Obama on Baltimore: Violent Rioters ‘Need to Be Treated as Criminals’

The president spoke Tuesday about protests and looting in the city following the funeral of a black man who died while in police custody.

National Journal
Priscilla Alvarez and Nora Kelly
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Priscilla Alvarez Nora Kelly
April 28, 2015, 8:56 a.m.

Pres­id­ent Obama on Tues­day af­ter­noon con­demned the vi­ol­ence and loot­ing in Bal­timore after the fu­ner­al of a 25-year-old black man, who died this month after an en­counter with city po­lice of­ficers.

In a lengthy, six-part an­swer to a re­port­er’s query, Obama said loot­ers are hurt­ing busi­nesses and op­por­tun­it­ies in their own com­munity.

“There’s no ex­cuse for the kind of vi­ol­ence we saw yes­ter­day. It is coun­ter­pro­duct­ive,” Obama said. “When in­di­vidu­als get crow­bars and start pry­ing open doors to loot, they’re not protest­ing. They’re not mak­ing a state­ment. They’re steal­ing. When they burn down a build­ing, they’re com­mit­ting ar­son.”

(RE­LATED: Pho­tos of the Protests in Bal­timore

The pres­id­ent said that peace­ful protests—which had been on­go­ing through much of the past week—”were fo­cused on en­tirely le­git­im­ate con­cerns of these com­munit­ies in Bal­timore.” Loc­al and state law en­force­ment, however, should do what they need to do to quell the storm. “A hand­ful of people [are] tak­ing ad­vant­age of the situ­ation for their own pur­poses, and they need to be treated as crim­in­als,” Obama said.

Obama’s com­ments came dur­ing a press con­fer­ence with Ja­pan­ese Prime Min­is­ter Shinzo Abe, whose trip to Wash­ing­ton is centered on Ja­pan’s trade re­la­tion­ship with the United States. But their joint ap­pear­ance was over­shad­owed by the tu­mult in Bal­timore.

Ri­ots began in Bal­timore on Monday af­ter­noon just hours after the fu­ner­al of Fred­die Gray, who died April 19 after an en­counter with city po­lice of­ficers. The events of that day are un­der in­vest­ig­a­tion by the Justice De­part­ment, which launched a probe last week.

(RE­LATED: How Lor­etta Lynch’s Justice De­part­ment Is Go­ing to Act in Bal­timore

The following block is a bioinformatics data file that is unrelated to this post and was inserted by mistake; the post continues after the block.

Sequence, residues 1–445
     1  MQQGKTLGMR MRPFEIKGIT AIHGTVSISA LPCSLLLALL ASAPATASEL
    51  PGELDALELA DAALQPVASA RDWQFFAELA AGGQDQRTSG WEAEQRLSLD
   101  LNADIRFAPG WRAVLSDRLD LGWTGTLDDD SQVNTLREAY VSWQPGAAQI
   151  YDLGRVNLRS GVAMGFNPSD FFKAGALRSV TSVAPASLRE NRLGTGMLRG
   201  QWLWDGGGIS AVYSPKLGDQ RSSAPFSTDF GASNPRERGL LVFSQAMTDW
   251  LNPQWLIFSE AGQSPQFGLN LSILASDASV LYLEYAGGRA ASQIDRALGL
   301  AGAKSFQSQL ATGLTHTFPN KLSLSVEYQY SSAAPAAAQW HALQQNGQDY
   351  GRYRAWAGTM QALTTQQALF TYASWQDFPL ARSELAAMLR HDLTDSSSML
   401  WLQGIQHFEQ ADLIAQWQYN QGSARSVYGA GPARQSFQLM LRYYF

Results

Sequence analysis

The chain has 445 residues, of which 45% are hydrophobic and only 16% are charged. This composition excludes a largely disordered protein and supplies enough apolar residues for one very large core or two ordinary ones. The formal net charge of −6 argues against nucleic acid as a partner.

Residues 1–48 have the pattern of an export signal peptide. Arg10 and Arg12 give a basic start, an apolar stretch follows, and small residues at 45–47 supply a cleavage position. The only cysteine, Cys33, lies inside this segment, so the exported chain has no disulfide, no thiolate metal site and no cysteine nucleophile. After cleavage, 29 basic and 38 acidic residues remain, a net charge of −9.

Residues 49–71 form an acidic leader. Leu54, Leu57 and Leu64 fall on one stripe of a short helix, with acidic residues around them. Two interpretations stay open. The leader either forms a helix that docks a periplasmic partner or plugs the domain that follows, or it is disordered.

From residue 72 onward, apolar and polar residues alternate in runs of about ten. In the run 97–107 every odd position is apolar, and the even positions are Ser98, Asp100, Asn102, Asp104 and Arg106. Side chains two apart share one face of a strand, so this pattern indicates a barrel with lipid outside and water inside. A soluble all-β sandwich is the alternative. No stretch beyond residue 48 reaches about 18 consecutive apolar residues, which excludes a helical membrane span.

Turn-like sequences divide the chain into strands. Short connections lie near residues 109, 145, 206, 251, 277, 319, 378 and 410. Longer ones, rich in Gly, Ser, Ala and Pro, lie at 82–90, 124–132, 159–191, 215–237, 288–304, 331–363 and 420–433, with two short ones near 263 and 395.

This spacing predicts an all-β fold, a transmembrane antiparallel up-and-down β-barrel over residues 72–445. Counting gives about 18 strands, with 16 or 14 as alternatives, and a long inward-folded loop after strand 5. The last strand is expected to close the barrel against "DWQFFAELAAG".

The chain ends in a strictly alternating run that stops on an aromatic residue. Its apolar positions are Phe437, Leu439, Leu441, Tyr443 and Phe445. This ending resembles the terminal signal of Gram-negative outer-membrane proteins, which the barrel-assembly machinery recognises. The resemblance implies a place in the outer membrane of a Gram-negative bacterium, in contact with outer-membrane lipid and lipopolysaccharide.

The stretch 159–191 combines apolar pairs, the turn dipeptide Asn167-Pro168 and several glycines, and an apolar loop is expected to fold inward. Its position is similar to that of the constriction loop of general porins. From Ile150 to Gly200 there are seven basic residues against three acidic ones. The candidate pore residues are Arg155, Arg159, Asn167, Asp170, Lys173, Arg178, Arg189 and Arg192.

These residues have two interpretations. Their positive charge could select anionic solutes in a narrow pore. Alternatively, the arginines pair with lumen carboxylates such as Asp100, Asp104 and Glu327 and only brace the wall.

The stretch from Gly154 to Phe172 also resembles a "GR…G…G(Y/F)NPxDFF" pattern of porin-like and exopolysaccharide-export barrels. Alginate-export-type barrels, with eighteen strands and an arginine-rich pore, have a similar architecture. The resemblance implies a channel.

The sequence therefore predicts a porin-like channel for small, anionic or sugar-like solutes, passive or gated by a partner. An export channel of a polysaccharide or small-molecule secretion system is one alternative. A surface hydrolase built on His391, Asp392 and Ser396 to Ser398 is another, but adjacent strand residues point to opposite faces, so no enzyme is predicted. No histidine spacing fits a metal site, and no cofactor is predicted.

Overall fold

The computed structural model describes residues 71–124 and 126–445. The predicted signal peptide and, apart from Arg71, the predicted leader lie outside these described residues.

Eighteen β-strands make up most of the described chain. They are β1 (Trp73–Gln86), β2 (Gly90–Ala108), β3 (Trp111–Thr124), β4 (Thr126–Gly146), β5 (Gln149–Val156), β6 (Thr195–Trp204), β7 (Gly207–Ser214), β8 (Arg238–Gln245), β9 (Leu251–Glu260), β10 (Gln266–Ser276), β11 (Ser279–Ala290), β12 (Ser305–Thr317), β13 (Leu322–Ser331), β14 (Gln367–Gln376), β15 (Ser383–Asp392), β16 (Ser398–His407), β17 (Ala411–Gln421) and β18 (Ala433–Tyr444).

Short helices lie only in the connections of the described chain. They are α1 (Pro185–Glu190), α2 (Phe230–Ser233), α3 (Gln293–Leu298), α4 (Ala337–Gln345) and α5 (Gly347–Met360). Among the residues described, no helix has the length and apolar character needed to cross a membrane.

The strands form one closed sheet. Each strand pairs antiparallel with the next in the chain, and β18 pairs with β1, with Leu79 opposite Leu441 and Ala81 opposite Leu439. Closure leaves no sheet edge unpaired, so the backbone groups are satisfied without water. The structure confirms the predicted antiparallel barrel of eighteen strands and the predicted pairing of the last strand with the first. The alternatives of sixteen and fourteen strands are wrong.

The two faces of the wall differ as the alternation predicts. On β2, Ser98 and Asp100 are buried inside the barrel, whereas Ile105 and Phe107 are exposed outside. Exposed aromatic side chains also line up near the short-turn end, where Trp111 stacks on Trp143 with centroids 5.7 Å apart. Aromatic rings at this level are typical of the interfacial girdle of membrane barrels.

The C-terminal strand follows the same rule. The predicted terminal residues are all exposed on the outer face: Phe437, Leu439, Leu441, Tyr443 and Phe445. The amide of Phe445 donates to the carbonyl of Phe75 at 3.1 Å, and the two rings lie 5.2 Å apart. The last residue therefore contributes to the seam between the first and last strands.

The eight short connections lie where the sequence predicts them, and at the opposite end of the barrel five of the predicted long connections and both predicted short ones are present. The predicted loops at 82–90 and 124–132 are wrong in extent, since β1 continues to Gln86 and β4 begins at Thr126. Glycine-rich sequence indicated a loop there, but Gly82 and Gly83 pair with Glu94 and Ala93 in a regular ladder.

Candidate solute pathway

Obama said Tues­day that clashes between po­lice and cit­izens were a res­ult of a “slow-rolling crisis.”

“This is not new,” he said. “And we shouldn’t pre­tend that it’s new.”

He said cir­cum­stances with­in dis­ad­vant­aged com­munit­ies could be im­proved if the na­tion con­sidered them a pri­or­ity. Some po­lice de­part­ments and com­munit­ies “have to do some soul-search­ing,” he said.

“If we really want to solve the prob­lem, if our so­ci­ety really wanted to solve the prob­lem, we could. It would re­quire every­body say­ing, ‘This is im­port­ant, this is sig­ni­fic­ant,’” Obama said, “and that we don’t just pay at­ten­tion to these com­munit­ies when a CVS burns. And we don’t just pay at­ten­tion when a young man gets shot.”

(RE­LATED: Is the Po­lice Bru­tal­ity De­bate Help­ing Re­pub­lic­ans?

Oth­er­wise, the pres­id­ent said, “we’ll go through the same cycles of peri­od­ic con­flicts between the po­lice and com­munit­ies, and the oc­ca­sion­al ri­ots in the streets, and every­body will feign con­cern un­til it goes away and we go about our busi­ness as usu­al.”

Obama cited the work of his Task Force on 21st Cen­tury Poli­cing, which is de­vel­op­ing pro­pos­als for loc­al po­lice to im­prove re­la­tions between of­ficers and ci­vil­ians. He also ref­er­enced fed­er­al grants that will be is­sued to po­lice de­part­ments to try out new train­ing and en­force­ment tech­niques, in­clud­ing the use of body cam­er­as.

Late Monday, newly sworn-in At­tor­ney Gen­er­al Lor­etta Lynch re­leased her de­part­ment’s plan to mit­ig­ate the un­rest. In one of her first acts as at­tor­ney gen­er­al, Lynch briefed Pres­id­ent Obama about the Bal­timore situ­ation as it stood. Obama also spoke with Bal­timore May­or Stephanie Rawl­ings-Blake and Mary­land Gov. Larry Hogan, who de­clared a state of emer­gency with­in city lim­its and ac­tiv­ated the Na­tion­al Guard on Monday night.

Nearly 200 guard troops are now on the ground and more are await­ing de­ploy­ment, ac­cord­ing to Hogan’s of­fice. Mary­land state troop­ers and po­lice of­ficers from five Mary­land counties also de­ployed to the city.

Dur­ing a press con­fer­ence Monday night, Rawl­ings-Blake is­sued a city­wide curfew from 10 p.m. to 5 a.m. for a week, be­gin­ning Tues­day. Bal­timore pub­lic schools also were closed for the day.

The first night after the protests es­cal­ated was tense. Ac­cord­ing to stat­ist­ics re­leased Tues­day morn­ing by the may­or’s of­fice, there were nearly 200 ar­rests, 144 vehicle fires, and 15 build­ing fires overnight. Nine­teen po­lice of­ficers were in­jured.

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